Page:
While it is likely you will experience at least one arrhythmia at some point in your life, certain factors may increase your risk of developing a more serious or long-term arrhythmia.

Age

The risk of arrhythmia increases with age. This can be due to many factors including structural heart disease, drug use, and heart attack. In addition, there are some normal changes in the heart that occur as the heart ages that may decrease the conductivity of electrical impulses.

Alcohol Consumption

Consuming large amounts of alcohol can affect the electrical impulses in your heart. It may also make you more likely to develop atrial fibrillation. Chronic alcohol abuse may also cause your heart to beat less effectively.

Caffeine or Nicotine

Caffeine, nicotine, and other stimulants accelerate your heart rate. Over time, this may lead to more serious arrhythmias or heart diseases that can cause arrhythmias.

Coronary Artery Disease

People with narrowed arteries, a history of heart attack, abnormal heart valves, or other conditions are at a higher risk of developing an arrhythmia.

Diabetes

A person with uncontrolled diabetes is at an increased risk of developing coronary artery disease and high blood pressure. Uncontrolled diabetes also increases the chances of heart attack compared to a person who has their diabetes controlled.

Medications and Supplements

Some over-the-counter and prescription medicines—such as cough suppressants and cold medications—contain pseudoephedrine, a drug that may speed up heart rates, increase blood pressure, and increase the chances of developing an arrhythmia.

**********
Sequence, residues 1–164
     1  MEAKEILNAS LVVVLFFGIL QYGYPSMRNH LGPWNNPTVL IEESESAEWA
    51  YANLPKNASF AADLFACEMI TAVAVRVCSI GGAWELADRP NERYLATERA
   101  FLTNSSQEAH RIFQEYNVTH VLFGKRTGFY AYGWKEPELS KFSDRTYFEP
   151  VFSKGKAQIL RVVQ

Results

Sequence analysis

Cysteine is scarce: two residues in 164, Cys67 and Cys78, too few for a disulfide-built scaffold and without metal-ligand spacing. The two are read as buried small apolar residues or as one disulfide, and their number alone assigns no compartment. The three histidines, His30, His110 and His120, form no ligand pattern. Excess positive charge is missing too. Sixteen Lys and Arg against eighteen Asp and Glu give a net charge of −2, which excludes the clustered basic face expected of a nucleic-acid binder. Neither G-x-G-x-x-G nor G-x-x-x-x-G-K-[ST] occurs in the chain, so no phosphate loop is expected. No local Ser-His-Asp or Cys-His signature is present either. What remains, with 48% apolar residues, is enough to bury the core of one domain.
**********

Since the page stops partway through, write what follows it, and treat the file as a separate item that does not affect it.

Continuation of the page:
Electrolyte Imbalance

Electrolytes, such as potassium, sodium, calcium, and magnesium, are essential for maintaining proper conduction of electricity between cells. Electrolyte levels that are either too high or too low can affect electrical impulses and may result in an arrhythmia.

Genetics

Congenital heart defects—problems that are present at birth—can affect the heart’s structure and its ability to properly function.

High Blood Pressure

High blood pressure (hypertension) increases your risk of developing coronary artery disease or experiencing heart failure. It may also cause the walls of your heart to become thicker, which can change how electrical impulses circulate in your heart.

Illegal Drugs

Amphetamines and cocaine profoundly affect the heart, possibly causing any number of arrhythmias. They might also cause a ventricular fibrillation, which can lead to sudden death.

Infections

Viral infections—such as endocarditis or pericarditis—can weaken the heart muscle and the sac around the heart, making the transmission of electrical impulses and contractions harder.

Obesity

Obesity is a risk factor for coronary heart disease, diabetes, cancer, cardiovascular disease, heart disease, and arrhythmia.

Obstructive Sleep Apnea

People with obstructive sleep apnea often experience bradycardia or atrial fibrillation. Sleep apnea can also deprive your body of oxygen, which stresses the heart even more.

Previous Heart Surgery

Heart surgery may damage the heart’s muscles, making electrical conduction and contraction more difficult.

Thyroid Problems

An overactive or underactive thyroid increases your chances of developing an arrhythmia. Whether it is releasing too many hormones or not enough, your thyroid gland can affect your heartbeat, which may lead to a too-fast or too-slow heart rate.

Weakened Heart

Conditions such as heart attack, heart failure, and leaking or narrowed heart valves weaken the heart and increase your chances of developing an arrhythmia.